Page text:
In attempting to
limit the inevitable discovery exception, courts have required such safeguards
as proof of inevitable discovery by clear and convincing evidence, proof of the
absence of bad faith of the police, and proof that at the time of the
misconduct, the police possessed and actively were pursuing the leads that
would have resulted in discovery. The
Supreme Court, however, has since required proof of inevitable discovery by a
mere preponderance of the evidence, and has rejected an absence of bad faith
requirement. The third safeguard, that the police must have been engaged in an
ongoing investigation at the time of the misconduct, remains a matter of
controversy. Given that the Supreme Court has loosened the reins on the
application of the inevitable discovery exception, extending the exception to
primary evidence will seriously diminish fourth amendment rights.
The exclusionary rule
is the primary safeguard of fourth amendment rights. Applying the inevitable
discovery rule to primary evidence substantially weakens the deterrent effect
of the exclusionary rule, and may render fourth amendment rights meaningless.
If the police possess the means to acquire evidence legally, but the illegal
route is faster and easier, they are not deterred from obtaining the evidence
illegally because the prosecution can argue that the evidence is admissible under
the inevitable discovery exception. Two examples illustrate the problem.
illustration occurs when evidence seized in a warrantless search is admitted
because the police could have obtained a warrant. Some courts have admitted
illegally obtained evidence on the basis that a warrant inevitably would have
issued. Other courts, however, have refused to apply the inevitable discovery
exception on these grounds.
They reason that
admitting the evidence would emasculate the warrant requirement of the fourth
amendment. If the police have probable cause sufficient to obtain a warrant,
they can bypass the requirement of submitting an affidavit to a neutral
magistrate and conduct a warrantless search and seizure. The evidence would be
admissible upon a showing that a warrant inevitably would have issued.
Moreover, when a warrant actually issues subsequent to the illegal search, the
government's argument of inevitability is airtight, and the police receive the
benefit of acquiring the evidence earlier than they legally could have and
without complying with the warrant requirement of the fourth amendment.
evidence on the basis of an inevitable inventory search similarly undermines
the deterrent effect of the exclusionary rule. Many courts recently have
admitted evidence seized in an illegal search because the police inevitably
would have discovered the evidence in an inventory search. An inventory search
is a search conducted for administrative purposes rather than a criminal
Because of the
administrative purpose, inventory searches may be conducted without a warrant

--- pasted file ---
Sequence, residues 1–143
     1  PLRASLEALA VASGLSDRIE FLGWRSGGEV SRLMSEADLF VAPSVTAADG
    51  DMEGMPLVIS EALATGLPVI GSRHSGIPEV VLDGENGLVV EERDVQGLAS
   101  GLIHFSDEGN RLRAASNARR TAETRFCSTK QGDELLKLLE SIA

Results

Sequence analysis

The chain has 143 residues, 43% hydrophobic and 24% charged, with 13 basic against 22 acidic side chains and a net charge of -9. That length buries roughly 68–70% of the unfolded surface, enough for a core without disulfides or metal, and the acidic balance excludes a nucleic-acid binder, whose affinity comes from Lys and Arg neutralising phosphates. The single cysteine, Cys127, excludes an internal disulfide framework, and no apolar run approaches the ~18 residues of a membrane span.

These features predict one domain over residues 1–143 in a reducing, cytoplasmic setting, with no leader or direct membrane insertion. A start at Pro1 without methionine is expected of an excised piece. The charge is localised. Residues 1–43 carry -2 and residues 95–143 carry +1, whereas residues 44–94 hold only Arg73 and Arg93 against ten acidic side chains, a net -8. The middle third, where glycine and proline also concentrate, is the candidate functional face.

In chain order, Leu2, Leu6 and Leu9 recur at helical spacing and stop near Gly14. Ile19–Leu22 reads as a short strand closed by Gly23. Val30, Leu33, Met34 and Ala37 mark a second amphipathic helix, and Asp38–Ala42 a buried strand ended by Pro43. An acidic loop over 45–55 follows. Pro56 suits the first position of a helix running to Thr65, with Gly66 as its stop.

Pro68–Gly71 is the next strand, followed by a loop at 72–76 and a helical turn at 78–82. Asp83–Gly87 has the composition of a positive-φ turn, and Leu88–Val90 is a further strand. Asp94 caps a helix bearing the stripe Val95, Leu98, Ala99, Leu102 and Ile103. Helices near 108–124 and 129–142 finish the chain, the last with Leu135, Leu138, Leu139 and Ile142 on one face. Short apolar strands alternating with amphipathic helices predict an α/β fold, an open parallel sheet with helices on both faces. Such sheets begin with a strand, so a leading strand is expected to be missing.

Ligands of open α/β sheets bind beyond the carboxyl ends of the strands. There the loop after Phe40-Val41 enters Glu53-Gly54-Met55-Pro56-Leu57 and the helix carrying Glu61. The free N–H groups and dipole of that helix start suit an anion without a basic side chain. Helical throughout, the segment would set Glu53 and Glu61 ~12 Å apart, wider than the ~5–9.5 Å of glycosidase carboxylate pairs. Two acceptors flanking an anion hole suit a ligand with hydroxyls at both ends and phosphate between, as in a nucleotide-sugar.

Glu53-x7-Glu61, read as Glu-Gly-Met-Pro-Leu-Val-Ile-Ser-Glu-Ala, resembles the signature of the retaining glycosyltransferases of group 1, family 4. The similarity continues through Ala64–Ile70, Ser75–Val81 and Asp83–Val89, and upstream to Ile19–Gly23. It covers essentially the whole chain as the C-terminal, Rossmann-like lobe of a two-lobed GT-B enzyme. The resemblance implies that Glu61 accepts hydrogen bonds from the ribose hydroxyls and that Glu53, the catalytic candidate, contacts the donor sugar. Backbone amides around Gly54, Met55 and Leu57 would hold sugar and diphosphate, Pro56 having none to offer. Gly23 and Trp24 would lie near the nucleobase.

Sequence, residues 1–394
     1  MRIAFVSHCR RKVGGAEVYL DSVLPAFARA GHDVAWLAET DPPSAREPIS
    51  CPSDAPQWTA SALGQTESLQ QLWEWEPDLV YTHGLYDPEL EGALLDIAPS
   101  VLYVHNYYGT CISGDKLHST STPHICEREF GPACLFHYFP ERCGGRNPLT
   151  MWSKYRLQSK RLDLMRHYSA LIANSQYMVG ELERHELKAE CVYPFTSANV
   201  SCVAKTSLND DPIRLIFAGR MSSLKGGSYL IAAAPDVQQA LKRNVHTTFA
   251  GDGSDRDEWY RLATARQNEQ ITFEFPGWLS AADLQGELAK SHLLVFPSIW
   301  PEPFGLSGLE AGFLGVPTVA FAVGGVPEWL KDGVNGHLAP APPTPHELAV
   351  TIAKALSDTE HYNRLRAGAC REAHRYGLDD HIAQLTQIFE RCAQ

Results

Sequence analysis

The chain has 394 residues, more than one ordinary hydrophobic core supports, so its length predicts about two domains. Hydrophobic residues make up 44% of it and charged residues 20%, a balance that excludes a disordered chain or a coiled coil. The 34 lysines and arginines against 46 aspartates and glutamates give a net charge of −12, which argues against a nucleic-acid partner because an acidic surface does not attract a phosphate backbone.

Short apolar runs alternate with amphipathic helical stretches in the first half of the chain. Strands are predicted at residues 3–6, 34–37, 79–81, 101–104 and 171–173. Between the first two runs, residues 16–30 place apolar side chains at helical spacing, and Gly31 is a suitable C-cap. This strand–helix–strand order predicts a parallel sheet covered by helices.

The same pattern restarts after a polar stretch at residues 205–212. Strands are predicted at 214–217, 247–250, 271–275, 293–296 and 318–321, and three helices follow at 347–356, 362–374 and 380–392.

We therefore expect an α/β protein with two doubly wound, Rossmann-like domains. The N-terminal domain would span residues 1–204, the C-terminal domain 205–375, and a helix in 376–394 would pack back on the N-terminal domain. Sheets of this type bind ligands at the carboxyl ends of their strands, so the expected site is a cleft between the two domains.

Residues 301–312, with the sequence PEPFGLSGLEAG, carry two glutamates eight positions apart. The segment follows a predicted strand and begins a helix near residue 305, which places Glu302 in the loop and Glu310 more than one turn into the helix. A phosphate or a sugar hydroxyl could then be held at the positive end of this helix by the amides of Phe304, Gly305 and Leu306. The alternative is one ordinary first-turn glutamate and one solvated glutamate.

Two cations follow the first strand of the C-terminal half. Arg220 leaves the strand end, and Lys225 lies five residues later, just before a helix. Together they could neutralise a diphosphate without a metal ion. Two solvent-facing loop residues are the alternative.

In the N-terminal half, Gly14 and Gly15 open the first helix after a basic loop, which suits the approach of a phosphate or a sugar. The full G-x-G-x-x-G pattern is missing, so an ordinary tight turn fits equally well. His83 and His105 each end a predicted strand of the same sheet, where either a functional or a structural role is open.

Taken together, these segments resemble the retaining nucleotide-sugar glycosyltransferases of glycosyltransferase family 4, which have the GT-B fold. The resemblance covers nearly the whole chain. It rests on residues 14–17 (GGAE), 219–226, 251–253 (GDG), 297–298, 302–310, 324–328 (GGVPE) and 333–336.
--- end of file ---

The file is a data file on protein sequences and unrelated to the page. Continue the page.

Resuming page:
or probable cause, but they must be conducted in accordance with established
inventory procedures, and the police cannot have discretion in deciding whether
to conduct such searches. Police routinely conduct inventory searches of
vehicles that have been impounded. It is also normal police practice to conduct
an inventory search at the station-house of any container in the possession of
an arrestee. The inevitability of an inventory search is irrefutable because,
to be non-discretionary, police regulations must require the police to conduct
the search. As a result, if the inevitable discovery rule is applied to primary
evidence, whenever the police are required to conduct an inventory search, they
need not conduct it at the station-house.
They can conduct a search immediately upon arrest in violation of the
constitutional limitations on the scope of a search incident to arrest.
Moreover, the search need not be conducted in accordance with the legally
required procedures that justify the inventory search.
Thus, the application
of the inevitable discovery exception to primary evidence permits the exception
to swallow the exclusionary rule and eviscerates the fourth amendment.
III. ADMISSIBILITY OF
PRIMARY EVIDENCE UNDER THE INDEPENDENT
decisions suggest that the inevitable discovery exception should not apply to
primary evidence. The Court has held that the closely related independent
source exception cannot be invoked to admit primary evidence.
source exception admits illegally obtained evidence if the same evidence was also
discovered through an independent legal source. It is well established that the
inevitable discovery exception is merely a "hypothetical independent
source" exception. If any distinction is to be made between the two
doctrines, the inevitable discovery exception should be more limited because it
is based in many cases on speculation.
In Gilbert v.
California, the Court held that the independent source exception cannot be
used to admit primary evidence. In Gilbert, the defendant was identified
in a police line-up in violation of his sixth amendment right to counsel. He
was identified subsequently in court by the same witnesses who had identified
him at the line-up. The Court held that
it was constitutional error to admit the in-court identifications without first
determining that they were not tainted by the illegal lineup. The Court remanded the case to afford the
state an opportunity to establish that the derivative evidence - the in-court
identifications - had an independent source. The primary evidence - the
testimony that the witnesses had identified the defendant at the line-up - was
excluded automatically. Because the line-up testimony was the direct product of
the illegal conduct, or primary evidence, the state was not entitled to an opportunity
to show that the testimony had an independent source. The Court concluded that
"[o]nly a per se exclusionary rule as to
such testimony can be an effective sanction to assure that law enforcement
authorities will respect the accused's constitutional right ...
Later, in Segura
v. United States, the Court reiterated the distinction between primary and
derivative evidence. In Segura, the police illegally entered the
defendant's apartment while they waited for a search warrant to issue. During
the illegal occupation of the premises, the officers observed certain
incriminating items in plain view. In the search pursuant to the warrant, the
agents seized both the plain view evidence and evidence that had not been
discovered during the illegal entry. Although the evidence that had not been
observed during the illegal entry was tainted by the illegality, it was held
admissible under the independent source exception. The plain view evidence was